Yogurt--an autodigesting source of lactose

N Engl J Med. 1984 Jan 5;310(1):1-3. doi: 10.1056/NEJM198401053100101.


Large quantities of yogurt are consumed by some lactase-deficient population groups. We used breath hydrogen measurements to determine whether lactase-deficient subjects absorbed lactose in yogurt better than lactose in milk. Ingestion of 18 g of lactose in yogurt resulted in only about one third as much hydrogen excretion as a similar load of lactose in milk or water, indicating a much better absorption of lactose in yogurt. Ingestion of yogurt also resulted in fewer reports of diarrhea or flatulence than did a similar quantity of lactose ingested in milk or a water solution. The enhanced absorption of lactose in yogurt appeared to result from the intraintestinal digestion of lactose by lactase released from the yogurt organisms. This autodigesting feature makes yogurt a well-tolerated source of milk for lactase-deficient persons and may explain the widespread consumption of yogurt by lactase-deficient population groups.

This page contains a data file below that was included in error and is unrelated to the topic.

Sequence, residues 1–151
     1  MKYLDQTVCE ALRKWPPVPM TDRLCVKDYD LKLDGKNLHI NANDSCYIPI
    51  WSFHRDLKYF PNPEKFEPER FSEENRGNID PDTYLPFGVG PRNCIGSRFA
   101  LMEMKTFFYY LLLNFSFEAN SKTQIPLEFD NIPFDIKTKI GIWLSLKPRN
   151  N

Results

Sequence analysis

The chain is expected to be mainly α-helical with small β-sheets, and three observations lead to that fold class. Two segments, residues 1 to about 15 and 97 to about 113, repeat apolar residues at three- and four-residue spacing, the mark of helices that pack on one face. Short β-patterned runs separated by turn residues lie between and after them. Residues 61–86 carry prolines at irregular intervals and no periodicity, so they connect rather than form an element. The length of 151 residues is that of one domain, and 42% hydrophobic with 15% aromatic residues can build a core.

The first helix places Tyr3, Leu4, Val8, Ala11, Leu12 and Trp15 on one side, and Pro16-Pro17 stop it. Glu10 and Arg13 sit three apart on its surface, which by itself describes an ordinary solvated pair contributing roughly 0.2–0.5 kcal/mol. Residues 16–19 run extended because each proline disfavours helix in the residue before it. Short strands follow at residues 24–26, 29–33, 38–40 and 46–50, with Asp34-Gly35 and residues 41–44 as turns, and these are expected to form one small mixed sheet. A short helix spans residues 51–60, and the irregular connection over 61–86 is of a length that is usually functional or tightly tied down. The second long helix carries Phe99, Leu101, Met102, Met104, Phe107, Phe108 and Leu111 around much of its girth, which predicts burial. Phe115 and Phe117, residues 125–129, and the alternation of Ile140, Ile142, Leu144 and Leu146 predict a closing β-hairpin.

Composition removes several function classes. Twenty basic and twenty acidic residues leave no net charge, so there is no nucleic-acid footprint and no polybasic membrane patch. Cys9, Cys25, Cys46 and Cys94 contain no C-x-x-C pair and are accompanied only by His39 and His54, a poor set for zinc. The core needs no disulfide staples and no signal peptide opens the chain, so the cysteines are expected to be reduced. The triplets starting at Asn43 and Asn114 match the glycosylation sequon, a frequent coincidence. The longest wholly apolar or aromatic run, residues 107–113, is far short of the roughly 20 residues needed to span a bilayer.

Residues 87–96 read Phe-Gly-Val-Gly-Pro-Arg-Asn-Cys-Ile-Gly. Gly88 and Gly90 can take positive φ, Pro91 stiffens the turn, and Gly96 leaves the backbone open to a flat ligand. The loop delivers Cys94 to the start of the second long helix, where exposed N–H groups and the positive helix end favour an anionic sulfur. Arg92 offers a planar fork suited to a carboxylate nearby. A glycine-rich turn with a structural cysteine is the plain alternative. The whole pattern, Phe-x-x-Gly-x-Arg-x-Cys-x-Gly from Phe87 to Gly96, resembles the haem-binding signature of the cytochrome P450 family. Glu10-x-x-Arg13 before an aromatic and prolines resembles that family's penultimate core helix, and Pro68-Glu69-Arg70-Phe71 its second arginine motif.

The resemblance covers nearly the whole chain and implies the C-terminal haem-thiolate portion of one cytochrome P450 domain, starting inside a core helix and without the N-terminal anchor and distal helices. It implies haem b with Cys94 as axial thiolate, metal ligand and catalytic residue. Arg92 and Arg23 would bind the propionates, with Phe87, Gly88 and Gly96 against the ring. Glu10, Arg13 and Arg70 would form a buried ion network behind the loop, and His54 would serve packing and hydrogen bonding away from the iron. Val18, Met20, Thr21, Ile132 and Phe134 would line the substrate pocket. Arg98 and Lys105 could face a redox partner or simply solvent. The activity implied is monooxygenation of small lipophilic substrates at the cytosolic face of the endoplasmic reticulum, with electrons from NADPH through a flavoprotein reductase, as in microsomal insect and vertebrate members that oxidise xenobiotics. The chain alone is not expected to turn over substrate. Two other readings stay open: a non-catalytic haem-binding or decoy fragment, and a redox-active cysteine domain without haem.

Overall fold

Publication types

  • Research Support, U.S. Gov't, Non-P.H.S.
  • Research Support, U.S. Gov't, P.H.S.

MeSH terms

  • Adult
  • Breath Tests
  • Dairy Products* / analysis
  • Humans
  • Hydrogen / analysis
  • Intestinal Absorption
  • Lactose / metabolism*
  • Lactose Intolerance / metabolism
  • Yogurt* / analysis
  • beta-Galactosidase / metabolism


  • Hydrogen
  • beta-Galactosidase
  • Lactose